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UCITA: Terms and Conditions Not Acceptable


by Glen Emerson Morris

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In the long term, UTICA will go down as just another marketing blunder the software industry is justly famous for. In the short term, it's going to take a lot of work to stop UTICA, but it will probably be worth the effort.

A few years ago the government launched an attempt to modernize the Uniform Commercial Code, the aging set of laws that standardize contract law governing interstate commerce. Known as Article 2B, the revised law was intended to resolve legal issues raised by the evolution of digital commerce. Unfortunately, the law's drafting team was hijacked by the influence of the software industry to the degree that Article 2B was eventually opposed by many of the industries it was intended to protect. With minor modifications, Article 2B has resurfaced as The Uniform Computer Information Transaction Act (UCITA,) and it will probably be coming to your state legislature within the next two years.

UCITA is being opposed by a large and diverse set of interests, including the National Association of Broadcasters, the Newspaper Association of America, the Magazine Publishers of America, the Federal Trade Commission, Consumers Union, Ralph Nader, and the Attorneys General of 26 states. In fact, few laws in American history have been opposed by such a wide and unrelated set of interests. Many of these groups have a number of different reasons for opposing UTICA, but they all share one common reason; they buy software that comes in boxes, and in the boxes, come documents stating the terms and conditions of the sale.

The heart of UTICA is a concession to the software industry that makes the terms and conditions in the software package legally binding, no matter how extreme they are, with very few exceptions. UTICA also allows the software industry define software as something that is leased, not sold, and establishes that terms of that lease can be rewritten by the software publisher at any time. The list of special favors UTICA gives the software industry goes on, and it adds up to a familiar pattern.

In a number of ways UTICA is reminiscent of the laws congress passed to protect the tobacco industry. A new category of products is being created which is neither goods nor services (like cigarettes were neither food nor drug,) and it's a product category that's subject to its own law, a law largely written by the industry it was intended to govern. Also, as with cigarettes, consumers don't need to be told of problems with the products, even if the problems are known at the time of sale. Consumers are also prevented from finding out how the products work internally, much like cigarette ingredients were kept secret, and the right of consumers to sue to recover damages is substantially limited, or eliminated completely.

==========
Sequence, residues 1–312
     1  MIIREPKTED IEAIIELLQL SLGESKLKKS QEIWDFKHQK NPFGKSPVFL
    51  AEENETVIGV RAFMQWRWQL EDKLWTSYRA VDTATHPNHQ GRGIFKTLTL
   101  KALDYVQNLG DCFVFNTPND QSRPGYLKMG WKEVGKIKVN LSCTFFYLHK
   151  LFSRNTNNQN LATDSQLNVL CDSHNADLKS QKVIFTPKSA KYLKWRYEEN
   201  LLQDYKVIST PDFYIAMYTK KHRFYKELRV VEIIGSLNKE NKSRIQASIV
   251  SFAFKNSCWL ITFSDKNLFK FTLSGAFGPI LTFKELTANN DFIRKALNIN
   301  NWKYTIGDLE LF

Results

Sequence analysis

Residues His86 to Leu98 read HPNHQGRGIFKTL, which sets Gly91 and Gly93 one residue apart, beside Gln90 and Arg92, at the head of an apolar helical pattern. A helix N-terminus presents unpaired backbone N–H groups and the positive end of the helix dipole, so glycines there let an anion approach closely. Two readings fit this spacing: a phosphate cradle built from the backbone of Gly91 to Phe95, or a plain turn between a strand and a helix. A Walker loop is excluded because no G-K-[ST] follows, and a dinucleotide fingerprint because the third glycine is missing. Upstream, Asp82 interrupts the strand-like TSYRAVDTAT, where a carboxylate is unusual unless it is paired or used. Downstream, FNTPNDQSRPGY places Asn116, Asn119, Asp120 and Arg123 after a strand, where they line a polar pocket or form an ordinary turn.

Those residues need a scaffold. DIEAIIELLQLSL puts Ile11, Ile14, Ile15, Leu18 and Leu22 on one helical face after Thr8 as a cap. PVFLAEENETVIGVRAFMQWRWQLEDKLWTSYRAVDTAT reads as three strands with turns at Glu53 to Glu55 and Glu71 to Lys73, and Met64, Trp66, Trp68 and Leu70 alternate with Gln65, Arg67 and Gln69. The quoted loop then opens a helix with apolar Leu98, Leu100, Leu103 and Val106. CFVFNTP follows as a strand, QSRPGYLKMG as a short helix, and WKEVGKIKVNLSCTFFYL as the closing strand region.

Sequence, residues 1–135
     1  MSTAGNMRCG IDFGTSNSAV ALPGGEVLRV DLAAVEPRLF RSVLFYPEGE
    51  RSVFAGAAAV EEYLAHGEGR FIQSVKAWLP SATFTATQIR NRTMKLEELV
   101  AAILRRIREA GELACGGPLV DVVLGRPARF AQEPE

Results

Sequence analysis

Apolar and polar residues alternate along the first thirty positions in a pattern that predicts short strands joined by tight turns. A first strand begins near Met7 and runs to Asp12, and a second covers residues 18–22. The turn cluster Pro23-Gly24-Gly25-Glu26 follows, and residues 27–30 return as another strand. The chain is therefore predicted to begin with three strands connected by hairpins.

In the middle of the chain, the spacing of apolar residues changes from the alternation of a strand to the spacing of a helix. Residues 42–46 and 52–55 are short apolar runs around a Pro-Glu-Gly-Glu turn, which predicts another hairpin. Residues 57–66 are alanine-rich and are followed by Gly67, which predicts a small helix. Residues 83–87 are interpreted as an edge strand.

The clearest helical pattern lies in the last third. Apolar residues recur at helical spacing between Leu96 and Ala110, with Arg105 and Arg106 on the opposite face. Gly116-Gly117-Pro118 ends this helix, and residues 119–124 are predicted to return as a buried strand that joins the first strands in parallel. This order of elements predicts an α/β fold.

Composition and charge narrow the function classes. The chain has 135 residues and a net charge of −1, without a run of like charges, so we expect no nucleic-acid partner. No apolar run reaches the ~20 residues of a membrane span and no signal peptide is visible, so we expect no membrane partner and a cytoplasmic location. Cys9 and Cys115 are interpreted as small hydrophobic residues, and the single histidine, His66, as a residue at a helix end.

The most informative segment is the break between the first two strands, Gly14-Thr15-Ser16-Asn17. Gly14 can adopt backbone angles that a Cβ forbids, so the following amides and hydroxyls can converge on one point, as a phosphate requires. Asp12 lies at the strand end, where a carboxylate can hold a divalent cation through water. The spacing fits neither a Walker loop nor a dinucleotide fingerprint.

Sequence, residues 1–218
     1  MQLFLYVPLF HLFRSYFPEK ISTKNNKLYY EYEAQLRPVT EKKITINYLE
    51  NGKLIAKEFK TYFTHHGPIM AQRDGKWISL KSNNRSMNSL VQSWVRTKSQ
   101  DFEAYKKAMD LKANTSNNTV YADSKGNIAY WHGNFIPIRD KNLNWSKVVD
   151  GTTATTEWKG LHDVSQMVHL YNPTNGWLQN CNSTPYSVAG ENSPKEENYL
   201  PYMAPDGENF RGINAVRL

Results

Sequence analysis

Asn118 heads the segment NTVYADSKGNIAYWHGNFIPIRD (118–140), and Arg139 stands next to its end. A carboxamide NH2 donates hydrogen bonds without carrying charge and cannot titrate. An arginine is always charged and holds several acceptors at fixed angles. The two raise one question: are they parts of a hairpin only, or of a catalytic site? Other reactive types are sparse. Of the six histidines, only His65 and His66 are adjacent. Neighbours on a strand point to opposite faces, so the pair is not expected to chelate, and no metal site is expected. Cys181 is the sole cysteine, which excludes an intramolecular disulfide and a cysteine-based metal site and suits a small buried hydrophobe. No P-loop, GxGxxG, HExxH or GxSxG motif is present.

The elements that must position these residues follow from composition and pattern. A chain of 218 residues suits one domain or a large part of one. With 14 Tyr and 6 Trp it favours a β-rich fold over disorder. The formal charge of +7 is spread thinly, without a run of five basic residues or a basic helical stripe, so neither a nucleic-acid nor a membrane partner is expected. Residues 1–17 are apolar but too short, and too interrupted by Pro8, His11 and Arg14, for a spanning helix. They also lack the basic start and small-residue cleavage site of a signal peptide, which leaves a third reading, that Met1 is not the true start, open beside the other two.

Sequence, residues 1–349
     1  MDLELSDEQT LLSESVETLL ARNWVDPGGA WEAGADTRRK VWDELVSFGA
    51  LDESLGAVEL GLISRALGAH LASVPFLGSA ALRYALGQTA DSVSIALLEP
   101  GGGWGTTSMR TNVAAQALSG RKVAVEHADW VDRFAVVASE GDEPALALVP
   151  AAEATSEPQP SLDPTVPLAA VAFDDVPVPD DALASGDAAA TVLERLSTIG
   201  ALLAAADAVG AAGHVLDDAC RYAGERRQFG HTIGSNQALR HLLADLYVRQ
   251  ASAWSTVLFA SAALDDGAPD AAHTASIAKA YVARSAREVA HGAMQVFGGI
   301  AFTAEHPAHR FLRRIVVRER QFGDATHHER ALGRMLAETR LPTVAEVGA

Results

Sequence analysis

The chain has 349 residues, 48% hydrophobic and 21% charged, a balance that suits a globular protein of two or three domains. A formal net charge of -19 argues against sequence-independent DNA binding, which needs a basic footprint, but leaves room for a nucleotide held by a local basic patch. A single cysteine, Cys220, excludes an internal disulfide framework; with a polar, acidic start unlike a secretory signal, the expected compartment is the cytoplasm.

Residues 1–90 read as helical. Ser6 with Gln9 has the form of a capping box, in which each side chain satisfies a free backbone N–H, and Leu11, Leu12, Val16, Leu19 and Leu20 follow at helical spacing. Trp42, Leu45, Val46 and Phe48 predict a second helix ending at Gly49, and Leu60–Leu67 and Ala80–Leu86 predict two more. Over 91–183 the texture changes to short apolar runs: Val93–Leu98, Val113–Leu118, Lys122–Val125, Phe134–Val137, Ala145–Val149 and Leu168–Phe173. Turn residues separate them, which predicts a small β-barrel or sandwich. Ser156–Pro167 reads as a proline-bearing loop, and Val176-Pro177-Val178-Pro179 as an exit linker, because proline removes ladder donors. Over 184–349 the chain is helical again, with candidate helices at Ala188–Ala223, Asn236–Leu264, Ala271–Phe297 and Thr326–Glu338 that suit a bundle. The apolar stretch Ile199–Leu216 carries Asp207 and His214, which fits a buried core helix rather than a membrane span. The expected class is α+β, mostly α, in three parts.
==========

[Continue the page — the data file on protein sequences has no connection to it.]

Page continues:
UTICA goes even further than the tobacco industry protection laws in some ways. Under UTICA, consumers could be prevented, under civil penalty, of even telling other consumers about problems with a software product. UTICA also makes it a criminal offense for any user to decompile a software program and determine how its code works, even if it's just to fix a serious problem the software publisher won't fix for them.

These are tough restrictions on products offered as off the shelf solutions for e-commerce, and they may not help the software industry as much as it would hope. In fact, they may even hurt it. How many businesses will trust an electronic cash register that comes without a guarantee? How many businesses will buy a transaction processing system from a company that will assume no liability if it fails? How many businesses will risk using a database to keep their customer's credit numbers secure that came from a company feels that no obligation to tell them the system can be cracked by a 13 year old kid in five minutes?

There's also the issue of certainty. Under UTICA, shrinkwrap software developers could change the conditions of the lease, after the product had been paid for, at any time, unilaterally, simply by notifying the users by e-mail. This could prove a difficult issue for buyers of stock photography for advertising. If a user couldn't agree to the revised terms of use, their only option would be to return the digital images, and all copies, to the software's publisher. Under Utica, that could be interpreted to include all copies of catalogs and sales material the photos were used in, even if it cost a small fortune.

The idea behind contract law is to create mutually agreeable and enforceable conditions for doing business. The idea of creating a class of products, as UTICA does, which gives one side of the agreement the ability to revise the contract at will, seems to contradict the purpose contract law in general, and the express purpose of the Uniform Commercial Code. UTICA won't reduce uncertainty, it will create it.

For a number of reasons, UTICA is likely to loose, it's just a question of whether its defeat will be in state legislatures, or in the marketplace. It would be least expensive to kill UTICA politically, though, given the deep pockets of the software industry, it wouldn't be easy.

In the long term, UTICA will go down as just another marketing blunder the software industry is justly famous for. In the short term, it's going to take a lot of work to stop UTICA, but it will probably be worth the effort.





Copyright 1994 - 2010 by Glen Emerson Morris All Rights Reserved

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